Former Head of Public Services for UCLA Library Special Collections receives NSF grant to study organization of biodiversity data in online infrastructures.
Robert Montoya, a Ph.D. candidate in the UCLA Department of Information Studies, has been awarded a grant by the National Science Foundation’s Science, Technology and Society section to study the way that the international Catalogue of Life project has transformed the scientific community’s methods of establishing, classifying, and sharing biodiversity databases. The Catalogue of Life is an open source global species checklist and taxonomic hierarchy that strives to catalog all of the world’s biological organisms.
Montoya (’03, B.A., American Literature and Culture; ’15, MLIS) says that his experience as Head of Public Services for UCLA’s Special Collections dovetailed with the IS department’s focus on equity and diversity.
“It was a rewarding job, and it got me to really apply what I was learning as part of my degree in a professional setting,” says Montoya. “Inclusivity is a core tenet of information studies,” he says. “There is always a culture or community involved [and we can] think about the way in which we communicate information and how that is influenced by those communities and their values.
“Working in Special Collections… helped me understand how archives are windows into analyzing the way that communities evolve over time. Any intellectual system we use, all of those practices reach back many – sometimes hundreds – of years, which is the case with the scientific taxonomic community. And so, my time in Special Collections has helped me appreciate the historical dimensions of our practices and how I can use archives to help me better understand what we’re doing now [in the field].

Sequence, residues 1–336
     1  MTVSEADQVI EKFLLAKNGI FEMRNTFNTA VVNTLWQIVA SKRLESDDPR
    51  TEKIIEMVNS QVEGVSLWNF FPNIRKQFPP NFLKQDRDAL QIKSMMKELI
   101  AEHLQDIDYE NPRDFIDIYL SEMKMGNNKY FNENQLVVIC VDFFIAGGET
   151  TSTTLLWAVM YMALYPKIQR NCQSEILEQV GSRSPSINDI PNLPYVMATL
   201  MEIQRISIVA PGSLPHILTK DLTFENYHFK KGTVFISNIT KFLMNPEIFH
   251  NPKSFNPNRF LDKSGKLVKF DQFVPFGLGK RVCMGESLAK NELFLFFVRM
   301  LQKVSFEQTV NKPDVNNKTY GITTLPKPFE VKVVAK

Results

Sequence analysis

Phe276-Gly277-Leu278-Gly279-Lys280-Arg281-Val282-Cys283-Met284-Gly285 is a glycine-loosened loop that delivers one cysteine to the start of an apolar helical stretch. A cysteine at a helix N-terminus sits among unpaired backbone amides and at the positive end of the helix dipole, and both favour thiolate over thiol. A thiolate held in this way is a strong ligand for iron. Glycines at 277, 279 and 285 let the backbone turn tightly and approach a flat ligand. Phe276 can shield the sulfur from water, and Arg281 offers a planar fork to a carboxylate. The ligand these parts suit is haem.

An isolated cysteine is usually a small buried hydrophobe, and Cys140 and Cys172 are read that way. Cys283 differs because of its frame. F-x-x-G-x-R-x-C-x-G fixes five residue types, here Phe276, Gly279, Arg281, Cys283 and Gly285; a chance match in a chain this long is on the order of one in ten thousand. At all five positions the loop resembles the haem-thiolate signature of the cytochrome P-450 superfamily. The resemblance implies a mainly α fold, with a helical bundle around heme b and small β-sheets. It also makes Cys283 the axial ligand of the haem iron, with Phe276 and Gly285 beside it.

Montoya’s NSF grant will enable him to travel to Leiden, Netherlands, where the Catalogue’s Secretariat is located this summer, and to visit museums that use the Catalogue for essential institutional organizational functions in Amsterdam, Copenhagen, London, and Madrid. While in Europe, he will be able to meet with key individuals in the Catalogue’s project in order to conduct ethnographic and qualitative research to complete his dissertation.Montoya will also make initial contact with Catalogue personnel in April, when he will give an invited talk at the organization’s symposium in Crete.